One thing about the movie - and I dont remember this being mentioned anywhere - all the dialogue is in Latin or Hebrew... not in American-accented English. That was a surprise, allright.
Friday, February 10, 2006
We had a client in our office recently, who wanted a survey done on an old nursery school he was going to buy. People with deep pockets sometimes buy old buildings to do up and re-sell as fantastic homes - I guess some of them are property developers, but quite a few of them are private individuals who have the time, inclination and, most important, the money to get themselves a beautiful, characterful home. So there are lots of buildings that have been converted from their former avatars as whatever - railway station, school, farmhouse, barn, etc - into lovely residences. The major clue to their past is usually that they retain the description as the house name... The Old Railway Station, Old Church House, Teacher's Cottage, etc.
So when I heard that this nursery school - with some 20 rooms - was being purchased, I couldnt help wondering why, if only because it would have taken a really huge amount of money and many years' worth of permissions and planning applications to convert it into a mansion. Especially as the gentleman buying it had already bought himself a huge country house just a few months back, which also we had surveyed.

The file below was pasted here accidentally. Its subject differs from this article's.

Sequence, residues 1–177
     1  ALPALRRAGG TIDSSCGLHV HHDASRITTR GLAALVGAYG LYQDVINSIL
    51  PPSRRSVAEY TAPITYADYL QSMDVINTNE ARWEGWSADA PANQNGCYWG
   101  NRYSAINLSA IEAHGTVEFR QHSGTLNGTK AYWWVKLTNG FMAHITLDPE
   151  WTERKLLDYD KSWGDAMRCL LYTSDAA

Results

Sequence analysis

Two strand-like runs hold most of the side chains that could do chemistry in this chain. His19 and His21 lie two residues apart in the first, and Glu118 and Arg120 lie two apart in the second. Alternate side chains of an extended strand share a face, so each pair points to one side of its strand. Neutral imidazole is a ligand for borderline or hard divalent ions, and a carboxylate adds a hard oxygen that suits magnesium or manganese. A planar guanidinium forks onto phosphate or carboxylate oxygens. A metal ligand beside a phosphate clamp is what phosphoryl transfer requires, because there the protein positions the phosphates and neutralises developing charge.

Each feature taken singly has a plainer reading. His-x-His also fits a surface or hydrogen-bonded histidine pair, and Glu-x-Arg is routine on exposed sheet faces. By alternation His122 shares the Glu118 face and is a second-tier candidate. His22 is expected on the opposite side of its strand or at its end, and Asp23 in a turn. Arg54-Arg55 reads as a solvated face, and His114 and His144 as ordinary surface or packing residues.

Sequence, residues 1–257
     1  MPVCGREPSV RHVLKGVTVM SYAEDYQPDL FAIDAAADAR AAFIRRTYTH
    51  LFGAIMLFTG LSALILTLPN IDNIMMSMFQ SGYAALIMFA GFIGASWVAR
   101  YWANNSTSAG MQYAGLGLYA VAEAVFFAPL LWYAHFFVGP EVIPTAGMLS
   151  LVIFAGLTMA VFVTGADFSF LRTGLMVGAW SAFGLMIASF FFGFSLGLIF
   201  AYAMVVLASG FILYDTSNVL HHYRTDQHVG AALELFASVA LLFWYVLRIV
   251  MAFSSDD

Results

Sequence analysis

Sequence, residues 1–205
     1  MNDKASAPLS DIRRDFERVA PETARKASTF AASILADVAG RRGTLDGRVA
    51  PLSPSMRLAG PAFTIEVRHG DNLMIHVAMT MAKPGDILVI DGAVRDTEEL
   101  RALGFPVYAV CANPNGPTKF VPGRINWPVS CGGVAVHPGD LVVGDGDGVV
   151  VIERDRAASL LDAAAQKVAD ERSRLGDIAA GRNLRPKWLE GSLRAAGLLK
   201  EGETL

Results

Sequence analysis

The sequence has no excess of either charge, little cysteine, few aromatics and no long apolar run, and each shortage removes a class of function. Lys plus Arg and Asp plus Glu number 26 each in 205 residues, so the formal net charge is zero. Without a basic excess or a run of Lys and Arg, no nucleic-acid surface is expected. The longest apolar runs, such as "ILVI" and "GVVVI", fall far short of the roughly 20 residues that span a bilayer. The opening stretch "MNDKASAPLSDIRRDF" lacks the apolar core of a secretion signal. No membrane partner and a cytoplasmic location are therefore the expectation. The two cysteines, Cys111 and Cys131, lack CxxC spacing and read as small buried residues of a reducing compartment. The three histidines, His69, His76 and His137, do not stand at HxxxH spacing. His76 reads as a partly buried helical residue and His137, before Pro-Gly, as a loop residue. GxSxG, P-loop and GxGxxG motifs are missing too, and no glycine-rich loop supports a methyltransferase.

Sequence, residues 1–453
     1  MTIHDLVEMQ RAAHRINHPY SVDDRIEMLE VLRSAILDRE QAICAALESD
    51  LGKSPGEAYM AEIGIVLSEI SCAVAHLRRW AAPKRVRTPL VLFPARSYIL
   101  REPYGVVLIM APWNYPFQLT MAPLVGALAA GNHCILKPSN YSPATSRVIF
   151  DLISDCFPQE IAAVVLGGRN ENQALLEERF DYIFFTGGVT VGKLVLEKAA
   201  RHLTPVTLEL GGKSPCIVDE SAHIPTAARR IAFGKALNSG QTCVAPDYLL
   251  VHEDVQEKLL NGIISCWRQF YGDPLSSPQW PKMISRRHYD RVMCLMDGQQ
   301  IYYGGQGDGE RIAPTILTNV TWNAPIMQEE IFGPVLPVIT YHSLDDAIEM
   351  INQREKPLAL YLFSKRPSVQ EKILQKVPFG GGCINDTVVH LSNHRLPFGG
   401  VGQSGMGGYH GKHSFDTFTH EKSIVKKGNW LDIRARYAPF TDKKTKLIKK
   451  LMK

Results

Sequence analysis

But it turned out that he didnt want to convert it to anything. He had a young son who attended that nursery school. The school building was on auction-sale because it wasnt viable and the nursery itself was going to be closed down. This was something our client did not want - because the school was conveniently close for him to drop his son off every morning, because he thought the teachers were doing a great job and, not the least, because the little lad liked his teacher very much.
So he decided to buy the school building and put in enough funds to keep the school running and its staff in jobs. THAT'S what I call a dedicated dad! I mean, how many men do you know who would buy an entire school for their son? (Or who would have the means to do it?)
Wednesday, February 08, 2006
Fellow vertigo sufferers will probably relate to this much easier than those who can look down from great heights without feeling the compulsion to just tip over the edge...
This was when Pete and I were driving up in Scotland, near Ben Nevis, the highest mountain. The road was extremely hilly, going up and down steeply. Every time the car reached the top of one of the humps, it was facing up at such a steep angle that I couldnt see the road ahead. I KNEW the road didnt end there. And, yet, every single time I had the completely irrational but completely convincing and deeply panicky feeling that we were at the top of a cliff and that's why I couldnt see the road ahead. I kept seeing mental images of Pete blithely driving our car onward and toppling it over the edge. I didnt tell him what I felt in case I came across as a total berk - but... brr... heights do my head in!